“Many people wanted to force the program to install something during this redesign phase”
Who were these people?, because again, before you and George got there lots of congressmen pressed NASA on why NASA was saying that they could not implement recommendation #7, and the congressmen seemed to accept NASA’s explanation.
NASA said that their repeated analysis before you and George arrived showed it was not possible to accomplish a crew escape in most phases of the assent with the current orbiter design, and that that decisions were built in to the design that could not be un-done. And oddly enough, NASA leadership said Arnie Aldrich was the one specifically who had been working on the current re-re-re-confirmation of this fact, again before you all had got there. So maybe he re-reviewed it with you when you arrived
If you think a then-65 yr old lifetime government contractor once-upon-a-time test pilot who joined NASA’s later on is the program’s savior for having meetings to re-re-rediscuss something that everyone knew was impossible for 20 years, and came to the conclusion that it was still impossible, well then who am I to question your perceptions. You were there and know what those times were like.
Likewise claiming credit for bringing the program back to flight were Winston Goodrich’s “Pole to Nowhere” team in Houston who spent tens of millions on an elaborate farce of setting the autopilot, have 7 people haul their 65lb parachute and scooching up to the escape hatch, then casually kneel so you can fit, and slide down a 9ft pole into a gentle 250mph breeze to parachute safely to the Atlantic. Like a crew escape module, this whole concept was just window dressing, but no one who might have to use it took it seriously. In his 2006 memoir, Riding Rockets, (great book, BTW, highly recommend it) astronaut Mike Mullane recalled, “Many of us placed the slide-pole bailout procedures in the same category as the pre-Challenger contingency-abort procedures—busywork while dying.”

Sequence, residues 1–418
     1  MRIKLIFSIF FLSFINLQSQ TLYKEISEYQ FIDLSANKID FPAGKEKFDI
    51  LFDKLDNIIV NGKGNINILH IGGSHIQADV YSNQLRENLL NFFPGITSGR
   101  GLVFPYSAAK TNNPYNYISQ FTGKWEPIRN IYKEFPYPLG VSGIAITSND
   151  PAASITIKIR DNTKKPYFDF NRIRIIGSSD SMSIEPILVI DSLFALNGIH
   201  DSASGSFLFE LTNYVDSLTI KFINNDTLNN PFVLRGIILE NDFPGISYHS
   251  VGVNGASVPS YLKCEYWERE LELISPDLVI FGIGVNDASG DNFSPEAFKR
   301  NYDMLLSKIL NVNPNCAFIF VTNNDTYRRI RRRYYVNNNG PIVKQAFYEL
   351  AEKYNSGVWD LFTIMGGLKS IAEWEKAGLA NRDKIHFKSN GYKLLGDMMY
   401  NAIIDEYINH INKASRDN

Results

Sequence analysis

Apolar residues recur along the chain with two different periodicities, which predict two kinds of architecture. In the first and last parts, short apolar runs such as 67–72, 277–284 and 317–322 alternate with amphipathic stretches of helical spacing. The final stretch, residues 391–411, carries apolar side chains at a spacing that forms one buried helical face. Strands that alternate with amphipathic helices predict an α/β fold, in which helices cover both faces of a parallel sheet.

One of the aspects of the Challenger disaster and NASA was that NASA actively promoted the idea that none of the crew could have survived the initial explosion.
I found that strange at the time — if a shuttle is designed to re-enter earth’s orbit at the speed it did, it must be very strong.
Later it was confirmed that the crew were strapped in their seats and probably alive until they hit the water.
My confidence in NASA’s commitment to truth fell.
The thing that a career in aerospace should instill, first and foremost, is a profound sense of humility. Arguments go on for years about what is feasible and what is not, what is safe enough and what is foolish. Arguments in front of Congress are created to get through the moment without being overtly dishonest. Would you really want Congress to design anything you were going to ride in? Yes, the crew was not impressed with the escape pole system, but it did have some utility. Many people who rode ejection seats for a living (including me) had serious doubts about their survivability, but we would have used them if needed. Likewise, Mike Mullane would have used the pole if necessary. There were many potential failures that could have led to its use, the most common being some failure that precluded getting to a landable runway. Since landing “off field” would certainly have been fatal, the bailout was a much preferred option. Again, I wish all of the Monday Morning quarterbacks had enough humility to appreciate how hard this really is and stop condemning our decisions with only 5% of the information we had.